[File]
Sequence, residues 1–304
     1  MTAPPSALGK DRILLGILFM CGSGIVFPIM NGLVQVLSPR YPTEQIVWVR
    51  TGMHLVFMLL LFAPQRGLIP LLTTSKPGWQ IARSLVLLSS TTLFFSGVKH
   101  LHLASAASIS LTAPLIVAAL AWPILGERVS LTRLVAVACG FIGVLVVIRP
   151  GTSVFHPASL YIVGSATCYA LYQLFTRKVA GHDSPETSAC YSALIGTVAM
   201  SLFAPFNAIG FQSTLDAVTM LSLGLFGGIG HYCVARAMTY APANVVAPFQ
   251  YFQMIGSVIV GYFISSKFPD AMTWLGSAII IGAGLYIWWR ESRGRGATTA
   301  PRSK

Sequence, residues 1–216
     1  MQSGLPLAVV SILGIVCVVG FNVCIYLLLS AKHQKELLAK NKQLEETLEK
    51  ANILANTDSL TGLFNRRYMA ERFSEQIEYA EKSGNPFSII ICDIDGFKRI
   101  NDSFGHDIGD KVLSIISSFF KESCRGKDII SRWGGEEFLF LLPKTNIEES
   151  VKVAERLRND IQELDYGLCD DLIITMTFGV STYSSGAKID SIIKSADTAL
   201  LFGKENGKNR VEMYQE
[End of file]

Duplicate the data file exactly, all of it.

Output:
Sequence, residues 1–304
     1  MTAPPSALGK DRILLGILFM CGSGIVFPIM NGLVQVLSPR YPTEQIVWVR
    51  TGMHLVFMLL LFAPQRGLIP LLTTSKPGWQ IARSLVLLSS TTLFFSGVKH
   101  LHLASAASIS LTAPLIVAAL AWPILGERVS LTRLVAVACG FIGVLVVIRP
   151  GTSVFHPASL YIVGSATCYA LYQLFTRKVA GHDSPETSAC YSALIGTVAM
   201  SLFAPFNAIG FQSTLDAVTM LSLGLFGGIG HYCVARAMTY APANVVAPFQ
   251  YFQMIGSVIV GYFISSKFPD AMTWLGSAII IGAGLYIWWR ESRGRGATTA
   301  PRSK

Sequence, residues 1–216
     1  MQSGLPLAVV SILGIVCVVG FNVCIYLLLS AKHQKELLAK NKQLEETLEK
    51  ANILANTDSL TGLFNRRYMA ERFSEQIEYA EKSGNPFSII ICDIDGFKRI
   101  NDSFGHDIGD KVLSIISSFF KESCRGKDII SRWGGEEFLF LLPKTNIEES
   151  VKVAERLRND IQELDYGLCD DLIITMTFGV STYSSGAKID SIIKSADTAL
   201  LFGKENGKNR VEMYQE